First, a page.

APFOL: January 3-9

Interesting posts and other things that have caught my eye this week. It isn’t actually everything, since I didn’t want to kill myself copy-pasting, so for the entire link collection check out my Delicious page.

Books in General

  • Bookshops Are Dead: And I Killed Them « Eoin Purcell’s Blog
    “So there will be demand for print books but at a much reduced level (because many others will shift to digital as will casual readers and new readers) and the economics of bookshops will become completely skewed favouring the online Emporia. Booksellers can react by hand-selling to customers and making themselves relevant as Ravenbooks has (I am increasingly sure of finding a pile of relevant books there every time I walk in) and no doubt this will mean concentrating on older books, out-of-print books and second-hand books, books that appeal directly to the customer, and print-on-demand books printed directly on site (though I am less convinced of the economic case for this).”
  • The Problem With the Follow-up Memoir – Newsweek.com
    “The biggest challenge is, you had a really good, resonant story to tell, why should you expect there to be another one so quickly?” says Ben Yagoda, author of Memoir: A History. “It seems there might be a half-life effect. With Frank McCourt, each successive book had a fraction of the sales and artistic impact as the earlier books.” (Thanks, Kim! sophisticateddorkiness.com)
  • Religion and Science Fiction: Asking the Right Questions / Tor.com
    “Most people who debate science vs. religion tend to ask the same boring question. Does God exist? Yawn. However, the question in all of these stories is never “Do these beings really exist?” The question is “What do we call them?” It’s never “Does this force actually exist?” It’s, “What do we call it?” Or “How do we treat it?” Or “How do we interact with it?” One of the many things that fascinates me about these stories is that the thing, whatever it is—a being, a force—always exists.”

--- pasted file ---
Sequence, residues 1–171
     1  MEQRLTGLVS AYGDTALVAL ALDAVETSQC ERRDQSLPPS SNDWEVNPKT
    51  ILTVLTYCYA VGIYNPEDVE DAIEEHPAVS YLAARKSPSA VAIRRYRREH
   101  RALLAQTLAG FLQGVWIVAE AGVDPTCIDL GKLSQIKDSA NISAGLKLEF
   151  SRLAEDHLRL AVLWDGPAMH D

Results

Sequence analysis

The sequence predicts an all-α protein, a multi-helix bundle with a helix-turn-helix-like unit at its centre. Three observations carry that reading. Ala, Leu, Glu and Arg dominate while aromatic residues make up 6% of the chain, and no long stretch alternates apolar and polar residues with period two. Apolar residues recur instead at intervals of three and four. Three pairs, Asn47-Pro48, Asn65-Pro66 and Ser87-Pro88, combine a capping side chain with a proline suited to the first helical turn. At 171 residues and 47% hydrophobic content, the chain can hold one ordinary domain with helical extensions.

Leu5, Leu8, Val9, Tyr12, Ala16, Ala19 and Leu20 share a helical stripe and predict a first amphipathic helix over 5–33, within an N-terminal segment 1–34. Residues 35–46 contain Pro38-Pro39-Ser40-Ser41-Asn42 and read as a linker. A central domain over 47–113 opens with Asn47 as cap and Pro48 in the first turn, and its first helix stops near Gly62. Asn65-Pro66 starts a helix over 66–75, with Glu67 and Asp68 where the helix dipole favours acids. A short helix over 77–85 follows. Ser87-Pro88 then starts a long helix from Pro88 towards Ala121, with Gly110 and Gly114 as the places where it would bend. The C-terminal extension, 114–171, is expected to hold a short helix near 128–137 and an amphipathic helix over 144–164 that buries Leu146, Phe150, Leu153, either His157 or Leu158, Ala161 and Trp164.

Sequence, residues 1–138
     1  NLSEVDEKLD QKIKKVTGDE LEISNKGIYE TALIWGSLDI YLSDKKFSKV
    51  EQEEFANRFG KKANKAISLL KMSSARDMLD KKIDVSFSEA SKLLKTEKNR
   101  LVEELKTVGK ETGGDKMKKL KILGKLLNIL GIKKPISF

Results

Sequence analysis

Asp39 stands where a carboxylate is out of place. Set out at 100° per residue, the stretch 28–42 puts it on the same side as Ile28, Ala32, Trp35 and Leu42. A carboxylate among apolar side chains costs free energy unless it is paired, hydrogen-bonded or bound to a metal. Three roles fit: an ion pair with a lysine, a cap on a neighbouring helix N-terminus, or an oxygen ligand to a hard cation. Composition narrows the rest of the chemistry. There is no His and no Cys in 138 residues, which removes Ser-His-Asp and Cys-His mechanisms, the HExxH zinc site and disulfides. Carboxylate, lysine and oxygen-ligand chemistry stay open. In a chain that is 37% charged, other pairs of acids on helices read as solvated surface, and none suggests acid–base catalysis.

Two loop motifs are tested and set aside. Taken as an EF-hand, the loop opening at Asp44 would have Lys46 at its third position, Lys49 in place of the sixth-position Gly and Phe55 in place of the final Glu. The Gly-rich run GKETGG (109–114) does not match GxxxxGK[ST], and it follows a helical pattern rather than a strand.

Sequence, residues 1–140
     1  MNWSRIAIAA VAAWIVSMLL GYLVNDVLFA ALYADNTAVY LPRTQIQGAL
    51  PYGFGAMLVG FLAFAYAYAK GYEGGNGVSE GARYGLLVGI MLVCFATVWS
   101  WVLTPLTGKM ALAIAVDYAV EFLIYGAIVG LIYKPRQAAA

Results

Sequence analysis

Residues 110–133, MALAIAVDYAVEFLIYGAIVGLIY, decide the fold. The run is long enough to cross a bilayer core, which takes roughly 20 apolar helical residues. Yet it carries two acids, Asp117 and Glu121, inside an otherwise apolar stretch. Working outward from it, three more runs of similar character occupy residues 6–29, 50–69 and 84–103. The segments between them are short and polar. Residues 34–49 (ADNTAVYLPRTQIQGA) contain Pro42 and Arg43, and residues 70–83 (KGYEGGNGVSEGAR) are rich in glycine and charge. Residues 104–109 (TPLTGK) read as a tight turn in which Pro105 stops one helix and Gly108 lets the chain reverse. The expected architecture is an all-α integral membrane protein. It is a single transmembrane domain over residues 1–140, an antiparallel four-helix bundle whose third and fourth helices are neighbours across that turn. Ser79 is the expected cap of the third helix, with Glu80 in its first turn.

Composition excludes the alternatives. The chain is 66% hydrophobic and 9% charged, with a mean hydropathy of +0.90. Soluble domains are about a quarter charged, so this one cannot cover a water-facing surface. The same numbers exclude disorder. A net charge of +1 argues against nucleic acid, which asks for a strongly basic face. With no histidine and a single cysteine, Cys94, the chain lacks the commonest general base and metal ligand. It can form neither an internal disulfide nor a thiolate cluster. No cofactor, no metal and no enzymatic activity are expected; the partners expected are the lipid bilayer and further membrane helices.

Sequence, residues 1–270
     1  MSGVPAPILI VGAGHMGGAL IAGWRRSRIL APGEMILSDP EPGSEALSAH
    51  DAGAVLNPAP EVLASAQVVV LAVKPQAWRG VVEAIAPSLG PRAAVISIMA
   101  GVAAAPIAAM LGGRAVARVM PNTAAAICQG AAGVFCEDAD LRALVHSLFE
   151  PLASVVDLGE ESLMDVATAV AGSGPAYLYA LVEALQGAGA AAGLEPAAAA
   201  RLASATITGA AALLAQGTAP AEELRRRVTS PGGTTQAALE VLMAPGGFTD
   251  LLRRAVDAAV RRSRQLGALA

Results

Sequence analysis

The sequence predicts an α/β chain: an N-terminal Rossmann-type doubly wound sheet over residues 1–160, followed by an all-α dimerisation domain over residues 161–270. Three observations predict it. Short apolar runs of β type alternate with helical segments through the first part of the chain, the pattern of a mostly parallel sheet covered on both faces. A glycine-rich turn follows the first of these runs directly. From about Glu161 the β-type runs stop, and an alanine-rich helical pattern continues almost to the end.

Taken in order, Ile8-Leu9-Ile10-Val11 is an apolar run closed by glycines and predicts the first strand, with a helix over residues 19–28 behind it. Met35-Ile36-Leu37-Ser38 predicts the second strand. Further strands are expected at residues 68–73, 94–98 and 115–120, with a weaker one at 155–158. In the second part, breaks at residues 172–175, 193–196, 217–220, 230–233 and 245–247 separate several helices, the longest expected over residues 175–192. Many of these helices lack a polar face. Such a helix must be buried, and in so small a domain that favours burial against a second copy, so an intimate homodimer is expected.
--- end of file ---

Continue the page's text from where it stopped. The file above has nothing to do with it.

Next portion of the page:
Authors & Publishers

(Book) Blogging

Book Wishlist

  • Cold by Bill Streever. Nymeth says: “t’s a science book, yes. But it’s also a natural history; a social history of Arctic exploration; a book about our relationship not only with cold weather and cold places but with our idea of them; an environmental plea; and a personal account of one man’s passion for cold and all the natural wonders that surround it.” WOW.
  • 8th Grade Superzero by Olugbemisola Rhuday-Perkovich. I originally spotted this on an editor’s website because they were highlighting the author’s awesome query letter (see: link), but it’s been getting good reviews on the blogs lately, too.
  • Guardian of the Dead by Karen Healey. Trisha says “it’s set in New Zealand and features Maori mythology” and I want to read it, too! It’s not coming out until April, though.
  • Wicked Plants by Amy Stewart. Tal says: “It’s an A to Z of plants that kill, maim, intoxicate, and otherwise offend. A tree that sheds poison daggers; a glistening red seed that stops the heart; a shrub that causes paralysis; a vine that strangles; and a leaf that triggered a war.”

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0 thoughts on “APFOL: January 3-9”

  1. Oo, I liked the one about the follow-up memoir! That’s something I always wonder about – I mean really, how many cohesive, emotionally resonant stories can people tell about their lives?

    1. If people live really long, really interesting lives and they focus each memoir on, like a twenty year span or maybe just one subject, I think multiple memoirs work. Or if they’re like David Sedaris and they make their memoirs more comedic than anything else– that can work multiple times, too. But I think it matters most on who the author is: I could read a million memoirs of Stephen Fry’s life, even if they were all the same. I’m not really interested in a middle-aged housewife’s account of her life, though, or a vacuous socialite’s.

      But then, I tend not to think in emotionally resonant terms regarding memoirs. I think I’m more interested in “I did this, and then I went here, and it was awesome and here’s why” kinds of memoirs. Not so much anything like Angela’s Ashes. 😀

        1. He’s done a couple, which I haven’t read yet (BUT I WILL!!). Moab is my Washpot, which I think is just a general memoir. And then there was Rescuing the Spectacled Bear, about some bear in China he went out to find (I think).Then he’s done a couple books based on some TV shows he’s done, like Stephen Fry’s in America which is about him going around America and looking at things.

          Mr Fry is just wonderful. (insert fangirl sigh here)

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